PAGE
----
31 May THERE ARE NO OLD BRANDS. JUST OLD BRANDING.
Many of today’s hottest brands were barely ideas on a napkin just a few short years ago. Stories about companies like Uber, Snapchat and Slack dominate blog headlines and the magazine covers of every business publication in the airport bookstore.
But while undeniably exciting, these new brands don’t hold a candle to the value of brands that are decades or even sometimes centuries old, especially in the B2B world. Take a look at this recent Ad Age article about 2016’s most valuable B2B brands; the top 20 is dominated by names like Microsoft, IBM, Wells Fargo, GE, HP, ExxonMobil and FedEx. Many of these same companies would have dominated the list in 1996, 1986, 1956 and, in the case of companies like Wells Fargo, 1856.
So how do these old-timers remain relevant in the face of newer, shinier competition? Simple: by evolving their brands with the times. While the allure of starting from scratch with a start-up may be appealing, an established brand has the ability to build off of the equity of their existing brand and add new value by adapting with the times.
It begins with your audience.
If you haven’t taken a close look at your audience recently, you’re in for a surprise. Your audience is constantly shifting and evolving, both in measurable aspects like demographics and geography to quantitative aspects like values and beliefs. You may still be communicating to the persona of a 55-year-old man with an MBA who values price because that’s what you’ve always done, while your real audience should be the persona of a 35-year-old woman with a tech background who values service and innovation. Redefine your audience on a regular basis to ensure your brand is keeping up.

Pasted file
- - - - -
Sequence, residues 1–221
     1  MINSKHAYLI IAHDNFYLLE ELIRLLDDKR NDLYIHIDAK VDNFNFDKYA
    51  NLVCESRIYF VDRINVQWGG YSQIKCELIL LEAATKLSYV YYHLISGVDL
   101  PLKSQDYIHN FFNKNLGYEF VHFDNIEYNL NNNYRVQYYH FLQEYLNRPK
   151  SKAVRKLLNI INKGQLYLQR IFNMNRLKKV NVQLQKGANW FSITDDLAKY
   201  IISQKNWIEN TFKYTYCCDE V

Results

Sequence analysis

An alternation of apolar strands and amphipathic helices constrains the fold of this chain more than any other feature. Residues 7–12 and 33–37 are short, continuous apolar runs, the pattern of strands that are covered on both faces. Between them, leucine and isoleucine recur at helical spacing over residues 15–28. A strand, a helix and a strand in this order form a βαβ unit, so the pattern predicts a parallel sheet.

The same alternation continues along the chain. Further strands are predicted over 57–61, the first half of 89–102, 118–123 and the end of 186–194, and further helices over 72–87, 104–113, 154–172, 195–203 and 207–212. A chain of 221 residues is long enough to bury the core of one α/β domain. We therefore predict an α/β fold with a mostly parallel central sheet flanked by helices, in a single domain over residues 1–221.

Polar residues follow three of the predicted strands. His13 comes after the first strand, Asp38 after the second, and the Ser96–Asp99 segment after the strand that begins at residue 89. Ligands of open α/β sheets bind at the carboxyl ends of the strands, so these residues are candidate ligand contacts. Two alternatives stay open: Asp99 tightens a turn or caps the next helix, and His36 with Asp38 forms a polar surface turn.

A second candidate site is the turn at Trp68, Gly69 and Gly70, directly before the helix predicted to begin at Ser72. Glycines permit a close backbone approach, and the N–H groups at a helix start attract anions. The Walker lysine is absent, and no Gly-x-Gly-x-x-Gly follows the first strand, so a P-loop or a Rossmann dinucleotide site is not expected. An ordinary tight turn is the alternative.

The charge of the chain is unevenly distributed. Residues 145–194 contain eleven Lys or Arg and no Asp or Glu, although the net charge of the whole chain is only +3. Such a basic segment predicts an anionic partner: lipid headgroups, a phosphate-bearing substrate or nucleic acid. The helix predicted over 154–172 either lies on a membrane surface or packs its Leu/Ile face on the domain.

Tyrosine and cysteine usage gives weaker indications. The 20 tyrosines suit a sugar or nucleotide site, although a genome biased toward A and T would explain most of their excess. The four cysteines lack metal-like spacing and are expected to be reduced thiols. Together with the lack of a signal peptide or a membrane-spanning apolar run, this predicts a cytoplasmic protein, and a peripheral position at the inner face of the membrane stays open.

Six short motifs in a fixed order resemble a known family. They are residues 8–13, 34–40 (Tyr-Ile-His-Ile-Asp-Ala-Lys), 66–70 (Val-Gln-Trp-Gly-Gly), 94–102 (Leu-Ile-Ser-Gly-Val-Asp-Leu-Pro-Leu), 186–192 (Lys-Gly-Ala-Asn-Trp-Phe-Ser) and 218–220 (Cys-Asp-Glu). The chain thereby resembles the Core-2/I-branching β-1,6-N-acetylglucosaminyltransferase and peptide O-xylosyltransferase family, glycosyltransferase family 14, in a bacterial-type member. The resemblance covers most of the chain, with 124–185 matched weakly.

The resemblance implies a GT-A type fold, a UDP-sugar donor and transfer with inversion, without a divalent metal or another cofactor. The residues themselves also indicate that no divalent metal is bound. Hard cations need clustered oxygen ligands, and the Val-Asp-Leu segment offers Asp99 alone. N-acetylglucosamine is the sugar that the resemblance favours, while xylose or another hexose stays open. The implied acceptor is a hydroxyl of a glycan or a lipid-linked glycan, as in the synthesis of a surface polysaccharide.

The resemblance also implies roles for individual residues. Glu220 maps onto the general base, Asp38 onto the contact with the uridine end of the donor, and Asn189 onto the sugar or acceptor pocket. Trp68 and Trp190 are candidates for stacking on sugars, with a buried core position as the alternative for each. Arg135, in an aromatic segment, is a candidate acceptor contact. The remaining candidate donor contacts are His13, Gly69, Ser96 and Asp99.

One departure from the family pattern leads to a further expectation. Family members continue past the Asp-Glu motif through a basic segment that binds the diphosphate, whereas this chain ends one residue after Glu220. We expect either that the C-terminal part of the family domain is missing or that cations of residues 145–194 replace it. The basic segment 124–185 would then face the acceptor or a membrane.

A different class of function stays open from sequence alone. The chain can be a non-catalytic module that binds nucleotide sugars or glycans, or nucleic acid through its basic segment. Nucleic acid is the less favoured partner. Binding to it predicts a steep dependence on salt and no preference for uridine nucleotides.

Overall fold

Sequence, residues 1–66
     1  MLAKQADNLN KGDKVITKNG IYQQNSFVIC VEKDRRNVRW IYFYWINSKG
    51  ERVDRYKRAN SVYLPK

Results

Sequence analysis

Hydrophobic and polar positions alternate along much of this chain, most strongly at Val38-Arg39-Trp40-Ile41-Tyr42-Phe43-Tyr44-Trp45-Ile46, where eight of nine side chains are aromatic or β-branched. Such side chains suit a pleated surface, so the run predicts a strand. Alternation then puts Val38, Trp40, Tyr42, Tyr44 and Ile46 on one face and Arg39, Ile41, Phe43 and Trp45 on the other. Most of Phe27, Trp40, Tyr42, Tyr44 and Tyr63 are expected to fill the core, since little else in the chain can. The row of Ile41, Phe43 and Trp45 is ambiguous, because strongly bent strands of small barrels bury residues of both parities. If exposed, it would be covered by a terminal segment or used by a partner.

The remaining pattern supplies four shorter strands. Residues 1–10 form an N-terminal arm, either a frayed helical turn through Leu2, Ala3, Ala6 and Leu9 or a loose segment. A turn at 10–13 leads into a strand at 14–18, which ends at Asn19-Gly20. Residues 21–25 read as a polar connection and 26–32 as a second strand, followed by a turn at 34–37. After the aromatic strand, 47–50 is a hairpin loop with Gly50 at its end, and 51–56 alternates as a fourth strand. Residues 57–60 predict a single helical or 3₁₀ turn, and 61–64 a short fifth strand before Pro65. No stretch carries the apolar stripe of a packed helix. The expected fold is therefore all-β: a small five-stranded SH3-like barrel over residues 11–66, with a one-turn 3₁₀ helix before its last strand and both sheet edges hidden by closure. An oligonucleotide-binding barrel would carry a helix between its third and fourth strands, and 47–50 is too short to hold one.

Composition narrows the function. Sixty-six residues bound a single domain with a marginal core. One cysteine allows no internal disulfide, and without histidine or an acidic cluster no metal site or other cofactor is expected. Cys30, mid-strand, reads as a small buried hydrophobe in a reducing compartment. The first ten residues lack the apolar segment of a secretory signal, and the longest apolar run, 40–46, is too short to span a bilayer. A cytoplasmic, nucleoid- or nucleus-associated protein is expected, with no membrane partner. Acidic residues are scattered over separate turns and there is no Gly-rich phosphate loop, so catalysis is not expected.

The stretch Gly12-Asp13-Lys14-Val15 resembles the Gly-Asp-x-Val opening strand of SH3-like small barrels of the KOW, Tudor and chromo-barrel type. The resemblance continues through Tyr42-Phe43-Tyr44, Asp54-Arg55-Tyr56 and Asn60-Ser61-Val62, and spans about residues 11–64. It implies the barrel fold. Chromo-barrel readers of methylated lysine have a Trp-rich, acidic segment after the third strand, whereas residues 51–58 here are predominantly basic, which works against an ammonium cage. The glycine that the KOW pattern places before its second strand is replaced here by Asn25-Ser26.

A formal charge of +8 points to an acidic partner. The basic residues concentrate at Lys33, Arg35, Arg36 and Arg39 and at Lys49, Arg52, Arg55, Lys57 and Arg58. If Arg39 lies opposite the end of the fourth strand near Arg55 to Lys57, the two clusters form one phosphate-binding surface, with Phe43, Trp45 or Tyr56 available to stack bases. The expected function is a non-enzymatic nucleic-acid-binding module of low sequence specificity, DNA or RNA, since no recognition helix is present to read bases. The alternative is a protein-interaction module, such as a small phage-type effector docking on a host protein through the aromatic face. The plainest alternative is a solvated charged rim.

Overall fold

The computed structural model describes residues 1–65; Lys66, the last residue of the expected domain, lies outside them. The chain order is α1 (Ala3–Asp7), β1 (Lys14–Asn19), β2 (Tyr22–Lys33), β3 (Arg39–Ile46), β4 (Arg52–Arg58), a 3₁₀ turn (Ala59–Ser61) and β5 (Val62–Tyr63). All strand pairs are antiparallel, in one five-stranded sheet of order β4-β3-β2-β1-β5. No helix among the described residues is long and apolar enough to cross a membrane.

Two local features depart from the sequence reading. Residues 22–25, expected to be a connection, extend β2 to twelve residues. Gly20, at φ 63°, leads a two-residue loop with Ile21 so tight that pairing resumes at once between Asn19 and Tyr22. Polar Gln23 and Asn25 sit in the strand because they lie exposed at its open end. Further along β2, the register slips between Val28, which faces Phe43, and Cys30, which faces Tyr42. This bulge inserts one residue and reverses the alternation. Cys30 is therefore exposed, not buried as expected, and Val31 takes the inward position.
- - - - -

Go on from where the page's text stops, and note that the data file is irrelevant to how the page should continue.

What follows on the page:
Let your audience lead your messaging.
Just as your audience changes, your product and its place in the market also changes. What was once your top-of-the-line offering is now your value product; your 50 years of expertise in one field may be worthless in a market that didn’t exist six months ago. Be aware, be realistic, and take nothing for granted. If your messaging doesn’t reflect the current reality, it’s irrelevant.
Elevate your brand.
Finally, there’s the surface level of the brand: things like your logo, tagline, ad campaign and your website. No matter what your business, it’s safe to say the bulk of your competitors haven’t updated their materials in years. There’s a misguided belief in the B2B world that you can just hang your brand out there and let the sales staff get to work. In fact, B2B buyers react to compelling design and writing in B2B materials just as much as B2C consumers. By keeping your brand and materials up to date, your established brand will project a level of engagement that will stand out from competitors and encourage B2B buyers to reward with sales.
At the end of the day, a brand is both substance and style; if either one falls behind, the whole brand will quickly fail in today’s marketplace. But get both right and you’ll have a brand that’s valuable today and for years or even decades to come.